Please forgive my lengthy and inexcusable departure from writing. I honestly have no “good” reason for it. Claiming to be busy seems like a cop out. The more honest answer is that I haven’t written much in the last few months because I’ve been watching too much Netflix when I’m not working, traveling, or collaborating with colleagues. I could have written many posts, I’ve had a lot of fodder. But I often get too overwhelmed by the process and become fearful of the responses. Thus nothing occurs but me wallowing in my shame and watching a movie or T.V. show.
Enter Dr. Brene Brown’s masterpiece, Daring Greatly, and my dear friend and colleague, Dr. Erica Tan. Both of these women struck a nerve for me recently. A nerve that needed striking. And they did so with great timing. With that, I give you my word for 2014: Vulnerability.
Vulnerability. The ability to be vulnerable.
In other words, as Brene Brown so eloquently elaborates in Daring Greatly, being vulnerable means to be willing and able to be wounded.
I have recently been challenged to be more emotionally vulnerable. To be more emotionally present and available to my friends, family, and people with whom I do life. What I’ve learned is that I’m emotionally sensitive person. That means I’m one of those people who feels emotions very intensely–mine and other people’s. And to be honest with you, intense emotions often scare me.
I have not been, historically speaking, someone who easily and quickly shows my true emotions. I have typically been pretty good at masking what I’m really feeling, especially if what I’m feeling is rather negative. I’m exceptionally good at coming across as sarcastic or snarky if something upsets me; and I’m really adept at making a joke or laughing at myself when I’ve been foolish or to hide that I’m really embarrassed or hurt.
What this challenge to be emotionally vulnerable affords me is the opportunity to shed my masks and do my best to just be, and allow my true feelings to surface–even if, and especially when, they are uncomfortable. One fear is that my true feelings will come across too strongly. Because, I feel them rather strongly. Another fear is that those people around me will decide that they don’t want to be around me due to my new found display and communication of my emotional experiences precisely because they are strong and uncomfortable.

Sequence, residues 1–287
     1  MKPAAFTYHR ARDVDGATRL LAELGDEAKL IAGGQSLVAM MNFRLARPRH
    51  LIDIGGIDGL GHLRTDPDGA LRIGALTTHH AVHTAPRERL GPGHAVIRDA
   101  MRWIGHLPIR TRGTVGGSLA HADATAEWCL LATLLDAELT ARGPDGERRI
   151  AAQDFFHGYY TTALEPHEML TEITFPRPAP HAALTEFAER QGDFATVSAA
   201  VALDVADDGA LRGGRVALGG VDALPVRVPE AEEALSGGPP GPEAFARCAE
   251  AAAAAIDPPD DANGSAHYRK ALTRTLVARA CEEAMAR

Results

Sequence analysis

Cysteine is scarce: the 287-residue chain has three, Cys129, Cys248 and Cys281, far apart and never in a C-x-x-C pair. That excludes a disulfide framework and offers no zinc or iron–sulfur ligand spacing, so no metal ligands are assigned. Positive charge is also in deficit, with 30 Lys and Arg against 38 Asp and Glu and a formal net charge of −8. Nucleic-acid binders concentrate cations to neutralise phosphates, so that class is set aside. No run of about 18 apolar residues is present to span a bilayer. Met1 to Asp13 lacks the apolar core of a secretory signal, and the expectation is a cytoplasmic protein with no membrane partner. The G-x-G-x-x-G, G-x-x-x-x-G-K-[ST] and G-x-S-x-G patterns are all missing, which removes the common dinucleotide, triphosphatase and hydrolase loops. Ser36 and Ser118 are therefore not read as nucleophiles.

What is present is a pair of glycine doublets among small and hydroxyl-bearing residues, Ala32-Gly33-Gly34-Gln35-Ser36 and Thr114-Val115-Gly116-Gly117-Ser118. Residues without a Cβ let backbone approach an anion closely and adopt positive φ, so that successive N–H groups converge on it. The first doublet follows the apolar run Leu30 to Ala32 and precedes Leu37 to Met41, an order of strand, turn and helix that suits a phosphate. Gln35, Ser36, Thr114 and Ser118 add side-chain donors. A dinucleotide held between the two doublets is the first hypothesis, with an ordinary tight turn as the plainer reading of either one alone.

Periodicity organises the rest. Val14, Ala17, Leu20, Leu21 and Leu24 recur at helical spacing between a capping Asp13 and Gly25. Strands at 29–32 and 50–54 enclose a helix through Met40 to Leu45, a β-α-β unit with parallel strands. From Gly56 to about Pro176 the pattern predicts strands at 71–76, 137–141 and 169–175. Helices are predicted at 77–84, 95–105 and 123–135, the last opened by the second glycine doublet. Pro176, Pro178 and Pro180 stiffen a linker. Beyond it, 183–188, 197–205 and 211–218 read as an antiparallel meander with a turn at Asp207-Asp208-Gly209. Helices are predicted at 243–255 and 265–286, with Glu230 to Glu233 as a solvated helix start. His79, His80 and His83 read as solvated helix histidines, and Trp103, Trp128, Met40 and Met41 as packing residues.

To be honest with you, this challenge seems a little silly to me. I already feel like I do a fairly decent job of allowing myself the time and space to demonstrate my emotions with those whom I consider to be “safe” people–people who won’t judge me and who love me unconditionally. Part of me finds this exercise in expanded emotional vulnerability to be unnecessary, unflattering, and quite frankly, immature. To me it seems fairly immature and unbecoming for me to show this level of emotional response and reactivity to people I do not deem safe.
Is it ok–is it appropriate–for us to have various personas for different venues? For instance, when I’m up on stage speaking, or in front of a class teaching, is it acceptable for me to be a little more grandiose, charismatic, demonstrative, humorous, and engaging than what I typically am back stage? Because, to be honest with you again, I’m already pretty grandiose, charismatic, demonstrative, humorous and engaging, so it’s not THAT much different!
I will say, though, that in those more intimate moments with my family and my family of friends–people I love dearly–I can be more calm, more serious, more sentimental…and more emotionally reactive. I will show my anger, sadness, disappointment, fear, concern, anxiety, and whatever else I’m feeling. I am more readily able to be vulnerable because I know they can handle it. They have earned the right to hold my heart in their hands.
So maybe what my friend and Brene are getting at with their challenge is for me to be more willing to share my heart and trust more people with my heart. To let them see the depth of my emotional experience even if it means that only by doing so will they then become safe people–not the other way around.
Vulnerability begets vulnerability. The catch is someone has to go first.
I guess I’m up.
Here’s to being more emotionally vulnerable in 2014!
In Christ’s love and mine…